With all that said, this soldier has simply bought alot of goodies. He is obviously aware of weapons components and accessories but I seriously doubt he is as dialed in as some would believe.

      • FormerSFMedic

        I meant to add more to the previous post.

        Judging from the weapon (upper receiver) and accessories choice, it appears this guy is posing more than anything. I think the conventional forces refer to it as a “wannabe”. He is from the guard which is notorious for allowing relaxed standards when it comes to weapons and equipment choice on deployments. He is definently NOT a SOF operator. I highly doubt a SOCOM soldier would choose to take a weapon system to combat that has no standards and has yet to be proven anywhere. No one in my Team would choose anything we weren’t absolutely sure of. I do NOT think this soldier is doing any formal testing of the BEAR either. None of the ICC candidates have gotten to that point yet and the fact that this Guy is running personal accessories tells me he is more worried about having cool stuff than he is about control standards. Furthermore, the conventional Army is not looking at a 10.5″ carbine, which tells me this guy probably bought the upper himself.

        The fact is, this soldier shouldn’t be allowed to run such a setup. I would definently NOT want my guys using “substandard” equipment on deployments unless that equipment had been proven to a HIGH degree on a previous control ex testing environment.

    • Tim V

      A PRT is not a SOF unit at all.

    • John

      Yeah what the HELL is up with this photo anyways? We’d never be allowed to take a personal upper overseas, EVER. There should be an 1ST SGT down this guys throat… if this unit is that relaxed to allow a personal upper to go overseas, then imagine what else they are ‘relaxed’ on. Dont like it. There’s nothing wrong with the issued upper… its just a bland Colt M4. Gets the job done.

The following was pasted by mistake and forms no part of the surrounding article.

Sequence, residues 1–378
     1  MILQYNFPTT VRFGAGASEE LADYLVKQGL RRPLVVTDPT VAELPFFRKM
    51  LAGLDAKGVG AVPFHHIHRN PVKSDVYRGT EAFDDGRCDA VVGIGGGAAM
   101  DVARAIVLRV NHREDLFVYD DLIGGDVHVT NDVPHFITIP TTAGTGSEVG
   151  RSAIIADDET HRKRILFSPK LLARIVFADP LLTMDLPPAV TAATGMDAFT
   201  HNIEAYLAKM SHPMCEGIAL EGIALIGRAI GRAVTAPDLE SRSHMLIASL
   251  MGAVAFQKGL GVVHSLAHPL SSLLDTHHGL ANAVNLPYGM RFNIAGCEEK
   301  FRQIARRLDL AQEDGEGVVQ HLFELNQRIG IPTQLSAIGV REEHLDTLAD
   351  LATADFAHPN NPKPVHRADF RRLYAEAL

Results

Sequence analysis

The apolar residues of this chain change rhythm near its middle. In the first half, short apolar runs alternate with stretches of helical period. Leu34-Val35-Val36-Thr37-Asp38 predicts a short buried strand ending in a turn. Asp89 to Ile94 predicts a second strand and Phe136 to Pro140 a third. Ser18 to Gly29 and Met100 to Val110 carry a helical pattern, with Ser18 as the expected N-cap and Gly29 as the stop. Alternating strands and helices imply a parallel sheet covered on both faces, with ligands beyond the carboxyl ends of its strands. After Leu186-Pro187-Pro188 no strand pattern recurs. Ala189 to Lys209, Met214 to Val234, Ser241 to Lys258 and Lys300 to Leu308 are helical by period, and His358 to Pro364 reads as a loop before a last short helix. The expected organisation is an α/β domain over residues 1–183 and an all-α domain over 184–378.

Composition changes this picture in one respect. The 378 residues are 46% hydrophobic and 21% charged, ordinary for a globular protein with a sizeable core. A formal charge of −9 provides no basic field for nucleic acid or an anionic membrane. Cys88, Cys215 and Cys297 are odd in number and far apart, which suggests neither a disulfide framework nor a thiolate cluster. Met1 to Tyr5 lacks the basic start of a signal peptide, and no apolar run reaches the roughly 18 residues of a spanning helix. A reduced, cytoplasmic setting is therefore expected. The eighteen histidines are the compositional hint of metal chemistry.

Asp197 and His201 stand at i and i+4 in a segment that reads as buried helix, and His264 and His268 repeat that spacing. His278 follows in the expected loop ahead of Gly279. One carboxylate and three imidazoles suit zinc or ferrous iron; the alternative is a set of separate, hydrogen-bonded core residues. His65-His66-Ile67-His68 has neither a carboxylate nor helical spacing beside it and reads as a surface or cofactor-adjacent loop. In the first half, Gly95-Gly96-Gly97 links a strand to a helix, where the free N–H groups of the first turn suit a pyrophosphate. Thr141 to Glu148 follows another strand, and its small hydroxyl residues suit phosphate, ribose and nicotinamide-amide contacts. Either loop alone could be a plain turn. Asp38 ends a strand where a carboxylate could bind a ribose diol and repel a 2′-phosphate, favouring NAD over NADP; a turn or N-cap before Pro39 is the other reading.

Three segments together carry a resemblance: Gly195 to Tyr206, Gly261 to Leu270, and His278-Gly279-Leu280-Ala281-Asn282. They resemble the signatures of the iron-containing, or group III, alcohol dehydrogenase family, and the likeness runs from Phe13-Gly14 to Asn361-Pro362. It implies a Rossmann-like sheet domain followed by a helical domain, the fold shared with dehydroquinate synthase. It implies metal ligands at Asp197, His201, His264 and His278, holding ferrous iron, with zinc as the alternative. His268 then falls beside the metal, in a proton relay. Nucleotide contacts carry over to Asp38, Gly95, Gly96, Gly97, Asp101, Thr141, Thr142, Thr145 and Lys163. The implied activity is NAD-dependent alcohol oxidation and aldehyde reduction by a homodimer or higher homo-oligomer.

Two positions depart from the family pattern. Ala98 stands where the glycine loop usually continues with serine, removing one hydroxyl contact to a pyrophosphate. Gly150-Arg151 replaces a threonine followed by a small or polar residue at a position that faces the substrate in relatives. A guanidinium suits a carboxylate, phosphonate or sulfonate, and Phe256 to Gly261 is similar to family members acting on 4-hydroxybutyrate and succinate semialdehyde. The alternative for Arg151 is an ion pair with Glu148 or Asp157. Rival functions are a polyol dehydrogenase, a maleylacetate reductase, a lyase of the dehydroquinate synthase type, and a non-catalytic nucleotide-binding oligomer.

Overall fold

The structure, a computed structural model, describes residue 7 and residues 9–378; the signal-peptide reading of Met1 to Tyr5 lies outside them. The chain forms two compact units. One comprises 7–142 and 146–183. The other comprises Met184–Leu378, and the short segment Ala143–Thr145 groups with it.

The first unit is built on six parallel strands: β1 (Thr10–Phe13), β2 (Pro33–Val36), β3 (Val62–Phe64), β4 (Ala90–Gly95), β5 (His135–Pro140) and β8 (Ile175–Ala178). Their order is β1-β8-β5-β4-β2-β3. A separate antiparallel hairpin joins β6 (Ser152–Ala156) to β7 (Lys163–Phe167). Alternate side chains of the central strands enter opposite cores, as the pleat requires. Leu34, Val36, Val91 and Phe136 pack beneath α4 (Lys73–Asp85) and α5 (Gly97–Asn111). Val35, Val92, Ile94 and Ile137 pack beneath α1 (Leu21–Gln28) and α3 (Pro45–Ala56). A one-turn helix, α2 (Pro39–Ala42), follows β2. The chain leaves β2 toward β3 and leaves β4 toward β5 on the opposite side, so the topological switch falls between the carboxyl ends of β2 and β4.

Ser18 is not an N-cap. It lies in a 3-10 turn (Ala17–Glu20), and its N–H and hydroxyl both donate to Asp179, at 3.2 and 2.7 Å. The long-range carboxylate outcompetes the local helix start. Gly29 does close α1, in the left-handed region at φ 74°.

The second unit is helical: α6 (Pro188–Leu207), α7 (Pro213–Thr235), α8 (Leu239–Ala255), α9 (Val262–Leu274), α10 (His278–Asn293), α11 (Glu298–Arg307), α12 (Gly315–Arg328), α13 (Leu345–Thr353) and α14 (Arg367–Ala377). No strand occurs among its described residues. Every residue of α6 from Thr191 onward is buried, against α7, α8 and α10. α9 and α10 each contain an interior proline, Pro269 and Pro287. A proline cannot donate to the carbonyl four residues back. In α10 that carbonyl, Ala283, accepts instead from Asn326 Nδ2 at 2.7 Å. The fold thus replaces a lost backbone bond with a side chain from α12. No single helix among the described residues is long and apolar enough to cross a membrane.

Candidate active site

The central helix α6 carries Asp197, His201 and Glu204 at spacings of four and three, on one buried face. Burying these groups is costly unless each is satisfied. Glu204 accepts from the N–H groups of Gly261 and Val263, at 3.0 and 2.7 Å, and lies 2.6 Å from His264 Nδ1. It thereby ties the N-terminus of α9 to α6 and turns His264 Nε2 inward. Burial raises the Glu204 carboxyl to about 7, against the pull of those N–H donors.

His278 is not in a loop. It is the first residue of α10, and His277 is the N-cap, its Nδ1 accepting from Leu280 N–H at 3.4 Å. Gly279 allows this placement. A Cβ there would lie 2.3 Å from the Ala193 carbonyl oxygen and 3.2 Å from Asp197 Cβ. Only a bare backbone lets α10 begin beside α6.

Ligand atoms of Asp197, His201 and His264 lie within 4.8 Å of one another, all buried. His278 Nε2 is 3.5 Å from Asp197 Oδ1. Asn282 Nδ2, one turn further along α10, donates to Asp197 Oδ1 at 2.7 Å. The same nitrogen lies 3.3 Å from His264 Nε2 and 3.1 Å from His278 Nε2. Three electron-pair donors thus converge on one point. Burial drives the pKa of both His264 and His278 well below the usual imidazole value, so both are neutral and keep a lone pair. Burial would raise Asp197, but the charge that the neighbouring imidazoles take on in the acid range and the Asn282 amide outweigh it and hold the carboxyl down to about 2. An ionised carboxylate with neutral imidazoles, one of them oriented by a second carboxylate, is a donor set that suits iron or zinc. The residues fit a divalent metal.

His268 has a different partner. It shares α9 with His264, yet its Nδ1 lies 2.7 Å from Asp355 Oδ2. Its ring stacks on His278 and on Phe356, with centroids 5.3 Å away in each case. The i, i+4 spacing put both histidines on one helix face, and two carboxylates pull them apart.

• Nick

      Do you mean to tell me that we’re 1/2 way through 2012 and you’ve NEVER heard of Multicam!?

  • that guy

    Comments concerning short barrel. PRT SECFOR you will be doing a lot of climbing in and out of MRAPs. Which are cramped as hell and make moving around with a weapon very troublesome. Smaller your weapon easier life will be. No need for long range shooting since you have crew served weapons that. Just focus on getting PRT and CA personnel back in the vehicles. Then run like hell.

  • rouge_rager

    By looking at the picture, I have to agree that we have a “I want to be so high speed it hurts my bank account (and possibly my career)” First off, it is a issued lower. The coding sticker on the Mag well is for easy Army property book inventory. The upper is not authorized by anything I can find as a Infantry XO. You are allowed to modify in a way that it effects only cosmetic and comfort, IE buttstock, foregrips, so on.. He had to qualify to validate for deployment with issued iron sights and optics. ( of which he signed a paper making him accountable) So by running what he wants to he put himself at risk. Also anyone notice how “clean” and “new” his gear looks. Even during MOB (if your really training ) your rifle starts to get that nice worn look about it, shiny spots, nicks, scratches. Everything on this guy looks too nice. Even his helmet cover looks to new. Unless they just got in country. But I hope I’m wrong and that a senior NCO knows better because I rely on their knowledge and experience.

  • Mike Knox

    Properly notes what freedom you get when you want something that your C.O. approves.

    Anyhow, Why doe everyone assume Sgt. Nelson is Special forces or something? Just because a soldier sports non standard gear doesn’t necessarily mean he’s special forces or something..

  • Dan

    OPSEC – SCHMOPSEC…. I wouldn’t worry much about that fellas, this guy’s all over the innerwebz: (same rifle and kit as photo above)

  • NickB

    I hate seeing these comments “I guess he thinks he’s (Insert rude comment here)”. How would you like it for someone to look at your gun loadout and say how it will never work? Here’s a good list,

    A. He’s security, not a SEAL DMR man, I doubt he’d need a SR25 to get the job done. 10.5 inches is plenty in a village engagement.
    B. Why are you guys talking about army weapons rules, he’s in the National Guard.
    C. He keeps his uniform clean, does that mean he’s a freak now?

    This is the loadout he wanted, and he’s a sargent so I think he knows what he’s doing.

    • rouge_rager